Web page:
On the yang side, the incentive of the senior commanders was not to allow indirect fire. The longer we stayed, the more frustrated the top command became with the lack of population cooperation. Every civilian casualty translated into some official complaining. So the more rigorous became the rules, especially in Afghanistan. It finally got to the point that the word of the forward air controller (FAC) on the ground was not good enough. The pilot was required to cross-examine the FAC before executing the mission, and a lawyer and/or another pilot back in an operations center miles away also had to authorize the strike.

Today, eight out of ten US attack aircraft return from missions over Islamic State territory without striking any target. To do so, the pilot needs the permission of a senior American officer in an operations center hundreds of miles away. This enormous caution—and expense—to protect the lives of every civilian is unprecedented in history. It can only be done by the richest country in the world. However, it gravely slows down the pace of a war and allows the enemy to recuperate indefinitely.

These rules of engagement cannot be sustained when we again fight an enemy who can and does kill us. So far in the twenty-first century, our helicopters and aircraft have been almost invulnerable. Our losses have been very, very small. Similarly, our forces on the ground have not been under pressure. They are not attacked by doughty infantry in full battalions like the North Vietnamese, supported by heavy artillery. When we again fight heavy, sustained battles on a large scale, some commanders claim we can change these highly restrained rules of engagement at the snap of the fingers. More likely, the rules have sapped the aggressive spirit the high command must share with the warriors on the battlefield.

Lastly and regrettably, I must mention the growing trend of victimhood. Our society does not celebrate and single out the heroes. Instead, it tries to compensate those who psychologically or physically did not return home able to fully cope. The Department of Veterans Affairs (VA) provides some level of health care for less than half of our veterans. A minority of veterans use the VA. If all who had served turned to the VA for medical assistance, the VA system would collapse.

Yet the VA is now reporting that more than 40 percent of all individuals getting out of the service after four years—and the wars essentially are over—apply for compensation for mental or physical injury. During the Vietnam War, the VA had five injury categories; today, it has seventeen. The more free money is available, the more will apply for that money. What does that do to the internal morale of a service when some in every squad put in claims, and others do not?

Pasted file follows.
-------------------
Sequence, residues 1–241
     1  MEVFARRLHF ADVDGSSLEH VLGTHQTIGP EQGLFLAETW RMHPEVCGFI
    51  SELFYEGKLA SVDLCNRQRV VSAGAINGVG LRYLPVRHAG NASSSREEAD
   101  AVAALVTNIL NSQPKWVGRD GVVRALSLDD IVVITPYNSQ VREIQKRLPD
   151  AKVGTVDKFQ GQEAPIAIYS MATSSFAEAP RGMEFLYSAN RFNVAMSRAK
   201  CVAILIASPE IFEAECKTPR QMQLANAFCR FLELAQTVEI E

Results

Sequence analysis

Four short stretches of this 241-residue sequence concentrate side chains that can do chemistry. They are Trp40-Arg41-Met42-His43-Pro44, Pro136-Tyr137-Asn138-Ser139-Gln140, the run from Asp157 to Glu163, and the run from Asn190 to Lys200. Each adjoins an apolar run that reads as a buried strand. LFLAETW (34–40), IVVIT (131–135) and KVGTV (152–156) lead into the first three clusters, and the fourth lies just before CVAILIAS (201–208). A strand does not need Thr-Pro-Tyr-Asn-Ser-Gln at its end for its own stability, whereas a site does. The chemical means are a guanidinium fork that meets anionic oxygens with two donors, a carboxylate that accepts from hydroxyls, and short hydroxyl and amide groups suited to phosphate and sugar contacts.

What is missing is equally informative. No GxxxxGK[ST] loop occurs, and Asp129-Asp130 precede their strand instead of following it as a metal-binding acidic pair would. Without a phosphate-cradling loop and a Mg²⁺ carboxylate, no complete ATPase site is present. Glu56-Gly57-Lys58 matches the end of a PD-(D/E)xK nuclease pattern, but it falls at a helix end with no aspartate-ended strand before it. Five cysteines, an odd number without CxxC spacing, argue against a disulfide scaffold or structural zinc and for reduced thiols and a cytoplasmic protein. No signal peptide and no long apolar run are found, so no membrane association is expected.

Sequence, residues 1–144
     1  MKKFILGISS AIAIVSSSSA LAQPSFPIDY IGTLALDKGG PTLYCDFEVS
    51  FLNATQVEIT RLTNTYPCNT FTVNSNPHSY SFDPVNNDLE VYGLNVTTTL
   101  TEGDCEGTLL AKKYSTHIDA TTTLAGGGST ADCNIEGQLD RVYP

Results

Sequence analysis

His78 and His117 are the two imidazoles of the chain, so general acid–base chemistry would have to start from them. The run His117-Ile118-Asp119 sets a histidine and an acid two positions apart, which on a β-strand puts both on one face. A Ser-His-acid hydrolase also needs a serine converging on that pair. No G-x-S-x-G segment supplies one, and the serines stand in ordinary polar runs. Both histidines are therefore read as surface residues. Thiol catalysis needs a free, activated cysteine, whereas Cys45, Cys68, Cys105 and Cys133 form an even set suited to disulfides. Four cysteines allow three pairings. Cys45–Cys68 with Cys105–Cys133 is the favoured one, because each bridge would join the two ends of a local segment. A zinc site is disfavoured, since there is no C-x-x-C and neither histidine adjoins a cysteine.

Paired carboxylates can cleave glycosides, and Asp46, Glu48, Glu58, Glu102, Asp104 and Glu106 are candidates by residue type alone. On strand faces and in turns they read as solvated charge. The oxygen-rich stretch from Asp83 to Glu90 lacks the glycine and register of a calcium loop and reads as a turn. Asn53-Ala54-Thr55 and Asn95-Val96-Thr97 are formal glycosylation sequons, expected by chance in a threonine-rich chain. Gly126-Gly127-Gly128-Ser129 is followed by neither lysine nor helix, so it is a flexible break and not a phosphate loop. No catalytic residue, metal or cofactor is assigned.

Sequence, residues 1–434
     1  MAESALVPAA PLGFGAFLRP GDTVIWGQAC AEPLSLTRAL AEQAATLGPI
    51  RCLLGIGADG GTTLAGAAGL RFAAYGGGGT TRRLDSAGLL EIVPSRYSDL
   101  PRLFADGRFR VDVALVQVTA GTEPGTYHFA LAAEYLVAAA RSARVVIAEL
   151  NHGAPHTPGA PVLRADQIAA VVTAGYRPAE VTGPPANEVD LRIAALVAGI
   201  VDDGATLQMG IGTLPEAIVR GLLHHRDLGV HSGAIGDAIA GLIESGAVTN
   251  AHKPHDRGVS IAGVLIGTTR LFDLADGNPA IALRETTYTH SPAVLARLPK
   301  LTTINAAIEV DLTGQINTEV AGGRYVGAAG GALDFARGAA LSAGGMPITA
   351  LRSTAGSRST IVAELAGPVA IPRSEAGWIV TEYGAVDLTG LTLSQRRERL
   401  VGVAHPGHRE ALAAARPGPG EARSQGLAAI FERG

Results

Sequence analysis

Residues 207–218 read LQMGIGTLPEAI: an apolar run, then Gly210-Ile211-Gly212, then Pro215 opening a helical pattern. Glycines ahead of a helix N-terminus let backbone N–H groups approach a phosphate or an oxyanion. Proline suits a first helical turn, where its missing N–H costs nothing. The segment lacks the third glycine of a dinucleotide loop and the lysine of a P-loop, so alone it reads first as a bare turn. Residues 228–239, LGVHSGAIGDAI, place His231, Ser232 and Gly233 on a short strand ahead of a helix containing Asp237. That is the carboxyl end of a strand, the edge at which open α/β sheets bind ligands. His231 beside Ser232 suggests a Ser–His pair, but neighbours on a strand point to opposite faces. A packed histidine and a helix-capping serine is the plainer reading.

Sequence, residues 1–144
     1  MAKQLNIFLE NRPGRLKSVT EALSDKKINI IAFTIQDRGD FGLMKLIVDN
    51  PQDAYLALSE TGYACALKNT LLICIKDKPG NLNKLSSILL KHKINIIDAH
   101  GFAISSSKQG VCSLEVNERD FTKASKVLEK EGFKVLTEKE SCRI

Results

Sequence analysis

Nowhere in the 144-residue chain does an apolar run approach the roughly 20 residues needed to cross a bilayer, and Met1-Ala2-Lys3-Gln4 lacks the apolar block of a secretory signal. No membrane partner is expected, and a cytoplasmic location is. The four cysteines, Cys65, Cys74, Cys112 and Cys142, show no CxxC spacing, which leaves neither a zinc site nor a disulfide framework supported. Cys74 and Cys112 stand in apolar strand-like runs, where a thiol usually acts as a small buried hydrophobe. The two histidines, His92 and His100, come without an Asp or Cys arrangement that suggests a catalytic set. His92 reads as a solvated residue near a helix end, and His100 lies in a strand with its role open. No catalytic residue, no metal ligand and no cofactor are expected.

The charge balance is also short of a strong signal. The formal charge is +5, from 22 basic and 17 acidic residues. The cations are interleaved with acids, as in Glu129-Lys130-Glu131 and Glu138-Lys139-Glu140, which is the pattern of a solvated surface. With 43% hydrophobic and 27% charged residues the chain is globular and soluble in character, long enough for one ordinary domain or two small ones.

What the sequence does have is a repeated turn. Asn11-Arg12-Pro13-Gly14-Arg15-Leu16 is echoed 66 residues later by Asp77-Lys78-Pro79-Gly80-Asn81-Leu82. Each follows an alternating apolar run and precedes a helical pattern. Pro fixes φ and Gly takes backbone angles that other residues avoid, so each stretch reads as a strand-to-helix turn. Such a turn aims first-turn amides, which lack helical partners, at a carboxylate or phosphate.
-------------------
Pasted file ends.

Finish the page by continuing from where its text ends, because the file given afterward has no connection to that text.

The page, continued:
In summary, our enemies do not fear us and our friends do not trust us. Sensible steps can turn that around, but that depends upon the next commander in chief. So far in the twenty-first century, due to our vast wealth and technologies, we have not been sorely tested. Our beloved nation does not have a martial spirit, and perhaps does not need one. It does need a military inculcated with a warrior spirit.

Our largest deficit is national will. Consider our actions over the past decade. In 2004, we destroyed the Iraqi city of Fallujah in order to root out Islamist terrorists. Then in 2011, we pulled our troops out of Iraq, despite predictions that Iraq would fall apart. In 2009, we demanded Assad leave power in Syria, but we did not use military force to accomplish our demand. In the resulting civil war, Islamist terrorists seized half of Syria and Iraq.

In November 2015, the Islamists—now called ISIS rather than al-Qaeda—massacred 130 civilians in Paris. But the American political system was unable to unite behind committing forces, as we did in Fallujah a decade ago. Why? Our commander in chief has rejected deploying Americans in ground combat because he believes eternal war is the nature of the Muslim Middle East. He refuses to utter the words “Islamic terrorist.” The same is true of Hillary Clinton. Our Congress will not even debate a resolution to authorize the use of ground forces for fear of how the vote would affect reelection.

President Bush rashly overstepped in extending war to include nation-building. President Obama ideologically retreated by imposing restraints that encouraged our enemies. Congress proved irrelevant, lacking the cohesion to play its constitutional role in declaring for—or against—war.

In summary, a leaderless America is drifting. That should scare us all.